Like most websites The Analytical Scientist uses cookies. In order to deliver a personalized, responsive service and to improve the site, we remember and store information about how you use it. Learn more.
Fields & Applications Sensors, Clinical

Image of the Month

Sweet Success

Microelectrodes can be used to measure electrical signals within organs such as the brain, but the hard materials microelectrodes are usually made of can cause problems when transplanted into the body. Bernhard Wolfrum and team successfully inkjet-printed microelectrode arrays (MEAs) onto a variety of soft materials, including gummy sweets, in the hope of one day developing better sensors for biomedical applications (1).

Reference: N Adly et al., “Printed microelectrode arrays on soft materials: from PDMS to hydrogels”, npj Flexible Electron, 2, 15 (2018). Credit: Copyright N. Adly / TUM

Would you like your photo featured in Image of the Month? Send it to [email protected]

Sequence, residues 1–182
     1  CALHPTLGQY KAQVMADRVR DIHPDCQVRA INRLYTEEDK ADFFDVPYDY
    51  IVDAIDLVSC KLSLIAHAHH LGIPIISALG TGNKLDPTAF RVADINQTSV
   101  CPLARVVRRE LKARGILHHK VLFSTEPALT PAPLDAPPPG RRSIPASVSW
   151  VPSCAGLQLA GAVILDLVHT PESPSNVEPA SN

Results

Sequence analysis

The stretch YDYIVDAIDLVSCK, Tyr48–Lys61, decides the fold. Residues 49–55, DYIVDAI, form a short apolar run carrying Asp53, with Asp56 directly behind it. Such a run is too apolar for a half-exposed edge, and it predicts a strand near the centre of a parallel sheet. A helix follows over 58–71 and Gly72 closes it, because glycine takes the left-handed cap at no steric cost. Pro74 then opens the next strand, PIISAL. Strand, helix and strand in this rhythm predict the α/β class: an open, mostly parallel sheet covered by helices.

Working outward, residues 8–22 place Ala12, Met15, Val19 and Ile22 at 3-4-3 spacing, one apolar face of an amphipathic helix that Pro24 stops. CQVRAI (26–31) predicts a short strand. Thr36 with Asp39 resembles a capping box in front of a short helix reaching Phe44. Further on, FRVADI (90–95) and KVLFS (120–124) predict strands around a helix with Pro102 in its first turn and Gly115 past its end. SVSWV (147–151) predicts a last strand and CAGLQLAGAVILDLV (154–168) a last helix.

Receive content, products, events as well as relevant industry updates from The Analytical Scientist and its sponsors.

When you click “Subscribe” we will email you a link, which you must click to verify the email address above and activate your subscription. If you do not receive this email, please contact us at [email protected].
If you wish to unsubscribe, you can update your preferences at any point.

About the Author
Joanna Cummings

A former library manager and storyteller, I have wanted to write for magazines since I was six years old, when I used to make my own out of foolscap paper and sellotape and distribute them to my family. Since getting my MSc in Publishing, I’ve worked as a freelance writer and content creator for both digital and print, writing on subjects such as fashion, food, tourism, photography – and the history of Roman toilets. Now I can be found working on The Analytical Scientist, finding the ‘human angle’ to cutting-edge science stories.

Register to The Analytical Scientist

Register to access our FREE online portfolio, request the magazine in print and manage your preferences.

You will benefit from:
  • Unlimited access to ALL articles
  • News, interviews & opinions from leading industry experts
  • Receive print (and PDF) copies of The Analytical Scientist magazine